Friday, November 16, 2007

Families

When I was pregnant with Umberto one of the things that excited me the most was the idea of read a louds. I had this vision of us, sitting in a rocking chair, or lying in bed, Umberto on my lap as I read to him. Before he was born I began to acquire children's chapter books. I read the Harry Potter series while he was still a newborn. I could not wait until the day he was old enough to begin this tradition.


Perhaps this desire grew from my own childhood. One of my happy memories involved read a louds. My mom, for all her faults, was a wonderful reader. She read to us all the time: C. S. Lewis, Tolkien, Dickens. I remember lying on the bed when I was sixteen listening to her read to my youngest brother. It was a rare moment of closeness and connection within my family. No matter how angry she was, or how depressed, she would always pull us to her and read.


Thus my son's told resistance to being read to was a tad disappointing. He could sit through picture books so long as they weren't too long but unless they were over in a few minutes he was gone. I persisted but after realizing it was really bothering much more than it should, I let it go for awhile. But last year I started to work him into chapter books. I began with comic books which he loved. They had length but lots of pictures. Then we moved to middle books: chapter books with a picture every couple of pages. Now we're at chapter books that have about one picture per page. Better yet Umberto loves our read alouds. The other day he trotted over our newest book in hand, and silently placed in my hands. I almost cried. It's funny how important this little thing is to me.


What it is I think is that I don't have many models for family. My own family was a mess, and there was very little that I wish to bring into my own family. But my mom did good when she read to us. It wasn't just that she introduced us to books. She opened herself up to us in ways she didn't during the day. She held us to her, and created each evening before a bed a safe place. Here no one was angry, or fighting. For an hour everyday, we were the family I longed to have. My favorite books when I was a child where things like the Happy Hollisters, the Little House books, anything with a happy family in it. And at night, I had that perfect family.


I have no illusions that my family is perfect or ever will be. But the one good model I can fall back on is creating a safe magical word each night. Everything else I cobble together.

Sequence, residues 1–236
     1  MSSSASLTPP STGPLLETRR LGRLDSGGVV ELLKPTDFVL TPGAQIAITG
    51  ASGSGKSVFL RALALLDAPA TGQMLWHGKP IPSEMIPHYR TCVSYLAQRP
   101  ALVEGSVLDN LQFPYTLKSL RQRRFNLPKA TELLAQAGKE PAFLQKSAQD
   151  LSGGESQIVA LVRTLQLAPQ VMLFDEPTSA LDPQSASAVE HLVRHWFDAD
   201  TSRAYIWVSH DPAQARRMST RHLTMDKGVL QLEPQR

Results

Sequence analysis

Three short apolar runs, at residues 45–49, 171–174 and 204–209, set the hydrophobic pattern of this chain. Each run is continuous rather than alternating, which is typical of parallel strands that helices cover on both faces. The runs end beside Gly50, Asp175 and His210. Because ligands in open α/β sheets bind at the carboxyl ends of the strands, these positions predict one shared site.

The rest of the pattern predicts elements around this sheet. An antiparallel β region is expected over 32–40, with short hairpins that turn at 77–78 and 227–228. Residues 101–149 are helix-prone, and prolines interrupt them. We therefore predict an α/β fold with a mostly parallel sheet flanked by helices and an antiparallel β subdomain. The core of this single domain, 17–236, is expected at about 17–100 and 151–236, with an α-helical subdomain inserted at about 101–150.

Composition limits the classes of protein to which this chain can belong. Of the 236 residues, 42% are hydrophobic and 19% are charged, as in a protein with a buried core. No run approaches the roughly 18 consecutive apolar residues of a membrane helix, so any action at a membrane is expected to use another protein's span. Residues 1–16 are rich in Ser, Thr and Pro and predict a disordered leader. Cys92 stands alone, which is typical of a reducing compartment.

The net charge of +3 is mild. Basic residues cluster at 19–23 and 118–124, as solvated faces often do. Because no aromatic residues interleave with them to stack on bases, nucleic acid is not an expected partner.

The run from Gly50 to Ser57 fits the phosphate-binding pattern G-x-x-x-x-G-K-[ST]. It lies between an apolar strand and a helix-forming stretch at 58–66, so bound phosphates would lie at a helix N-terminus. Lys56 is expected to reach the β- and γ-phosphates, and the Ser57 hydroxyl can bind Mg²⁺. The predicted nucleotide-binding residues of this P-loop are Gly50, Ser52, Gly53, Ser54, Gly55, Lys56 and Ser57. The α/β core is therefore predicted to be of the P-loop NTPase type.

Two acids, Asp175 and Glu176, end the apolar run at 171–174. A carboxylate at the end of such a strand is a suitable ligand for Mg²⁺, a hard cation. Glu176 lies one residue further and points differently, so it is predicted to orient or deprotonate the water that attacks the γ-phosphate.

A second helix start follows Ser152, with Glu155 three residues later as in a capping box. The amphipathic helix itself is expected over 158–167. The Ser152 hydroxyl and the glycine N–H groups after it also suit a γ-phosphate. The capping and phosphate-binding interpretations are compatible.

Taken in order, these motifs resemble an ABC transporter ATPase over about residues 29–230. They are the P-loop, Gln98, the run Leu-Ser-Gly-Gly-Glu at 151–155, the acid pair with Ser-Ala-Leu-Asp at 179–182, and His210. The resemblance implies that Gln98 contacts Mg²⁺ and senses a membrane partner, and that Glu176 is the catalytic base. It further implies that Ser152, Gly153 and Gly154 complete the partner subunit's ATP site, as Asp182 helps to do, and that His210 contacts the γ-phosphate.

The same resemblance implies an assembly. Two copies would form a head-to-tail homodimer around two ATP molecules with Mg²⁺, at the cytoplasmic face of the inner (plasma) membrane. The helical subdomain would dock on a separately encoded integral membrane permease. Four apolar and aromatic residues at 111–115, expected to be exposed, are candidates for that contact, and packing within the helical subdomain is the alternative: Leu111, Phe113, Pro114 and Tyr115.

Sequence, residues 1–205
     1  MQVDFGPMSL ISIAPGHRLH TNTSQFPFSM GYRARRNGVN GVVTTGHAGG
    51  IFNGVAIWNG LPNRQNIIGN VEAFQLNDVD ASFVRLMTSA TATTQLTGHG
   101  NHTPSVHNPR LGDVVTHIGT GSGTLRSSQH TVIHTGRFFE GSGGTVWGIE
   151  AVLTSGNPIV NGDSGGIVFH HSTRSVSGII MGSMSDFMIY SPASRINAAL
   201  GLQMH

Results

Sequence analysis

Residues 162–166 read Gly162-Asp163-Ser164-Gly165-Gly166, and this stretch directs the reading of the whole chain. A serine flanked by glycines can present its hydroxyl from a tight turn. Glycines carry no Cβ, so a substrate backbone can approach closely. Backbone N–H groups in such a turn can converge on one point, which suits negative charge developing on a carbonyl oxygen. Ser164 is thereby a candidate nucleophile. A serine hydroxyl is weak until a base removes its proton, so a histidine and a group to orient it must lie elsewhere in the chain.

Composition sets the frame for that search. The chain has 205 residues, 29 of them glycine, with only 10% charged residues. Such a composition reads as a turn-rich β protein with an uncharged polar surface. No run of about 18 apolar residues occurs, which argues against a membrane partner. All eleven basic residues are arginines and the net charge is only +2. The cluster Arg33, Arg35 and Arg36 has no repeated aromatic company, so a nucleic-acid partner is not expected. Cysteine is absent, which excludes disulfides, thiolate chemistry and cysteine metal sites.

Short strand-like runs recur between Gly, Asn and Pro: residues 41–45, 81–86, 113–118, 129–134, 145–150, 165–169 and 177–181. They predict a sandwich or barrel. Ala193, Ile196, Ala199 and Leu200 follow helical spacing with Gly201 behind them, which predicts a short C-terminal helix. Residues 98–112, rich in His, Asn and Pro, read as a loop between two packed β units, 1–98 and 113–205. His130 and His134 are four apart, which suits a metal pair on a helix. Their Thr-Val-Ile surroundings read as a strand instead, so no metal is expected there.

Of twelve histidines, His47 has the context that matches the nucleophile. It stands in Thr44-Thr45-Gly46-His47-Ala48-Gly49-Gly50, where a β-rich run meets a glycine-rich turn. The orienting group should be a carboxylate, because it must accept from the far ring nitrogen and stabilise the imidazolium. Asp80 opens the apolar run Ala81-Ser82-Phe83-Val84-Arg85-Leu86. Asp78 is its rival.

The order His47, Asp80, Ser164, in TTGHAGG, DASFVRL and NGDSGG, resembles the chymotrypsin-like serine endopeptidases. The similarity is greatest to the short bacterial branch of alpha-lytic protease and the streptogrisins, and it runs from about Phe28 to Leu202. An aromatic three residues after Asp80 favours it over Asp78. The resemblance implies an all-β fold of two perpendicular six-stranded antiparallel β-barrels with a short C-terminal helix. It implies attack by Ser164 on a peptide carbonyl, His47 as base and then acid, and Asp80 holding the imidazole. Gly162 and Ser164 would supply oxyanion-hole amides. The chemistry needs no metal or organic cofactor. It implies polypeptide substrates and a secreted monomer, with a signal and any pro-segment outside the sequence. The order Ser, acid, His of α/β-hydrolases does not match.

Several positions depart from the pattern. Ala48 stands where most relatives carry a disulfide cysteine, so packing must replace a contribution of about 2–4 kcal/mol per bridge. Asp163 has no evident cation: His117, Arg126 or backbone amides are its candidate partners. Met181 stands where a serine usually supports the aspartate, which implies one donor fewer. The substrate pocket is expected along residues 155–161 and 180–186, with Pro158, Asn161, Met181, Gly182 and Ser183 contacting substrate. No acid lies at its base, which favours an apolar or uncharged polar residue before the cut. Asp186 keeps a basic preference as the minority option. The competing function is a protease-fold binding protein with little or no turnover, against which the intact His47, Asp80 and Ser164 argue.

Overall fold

I have a post about the actual books here.

8 comments:

Ernesto said...

I can't believe I hadn't discovered your other blog!

Thank you SO MUCH for this post.

Ginger said...

You're welcome:P The other blog is mostly about the kids and it is supposed to be about homeschooling. I'm working more on posting there about our experiences.

John B-R said...

"But the books I was most excited about were the "Little House" books. These were books I LOVED as a child ..."

When my kids were little, Kathy read them the whole *Little House* series. It took months. One time I walked into the kids' bedroom. The three of them were lying on Sam's bed, sobbing. "What's wrong?" I asked. "Jack died" they managed to blubber. "Who on earth is Jack?" I asked. "The DOG" they wailed.

Yeah, reading to/with kids is magical.

I taught my kids to read, by the way. I wrote them stories. This was well before they started school. Helping them learn to read was magical too.

I love reading your blog.

Lolabola said...

I love this post too. Reading with kids is one of the best things to do. Especially when they notice quirky things you do while you read (like twitch your nose). I'm so glad he likes it now!

Jess said...

Reading aloud was a ritual in my house growing up as well. My dad always, every night, read me this silly book called "Big Dog...Little Dog." After awhile, it was less about the book than it was the reading and the time. I loved (and still love) The Little House books. That's interesting that you forgot the violence, that is what stands out in my memory! Those pioneers needed every bit of food they could get, I guess. Have you read "Birchbark House" by Louise Erdrich? It's meant to be a companion book to "Little House in the Big Woods." Erdrich loved the Little House books but not the treatment of Native Americans in the books, so wrote "Birchbark House" about an Ojibwa family. It's really good.

John B-R said...

Jess, did you ever get to *Go Dog Go*?? Some of the same dog characters, I think, as in *Big Dog ... Little Dog* To this day I LOVE *Go Dog Go*. I would guess that about 40% of Kathy's and my conversation consists of snippets from that book ...

Ginger said...

Jessica,
Thanks for the recommendation. John B-R. they did a play here on "Go Dog Go" which was a riot. They used the text supplemented with songs. It was awesome.

Jess said...

I've never read "Go Dog Go!" I have to find it. Thanks!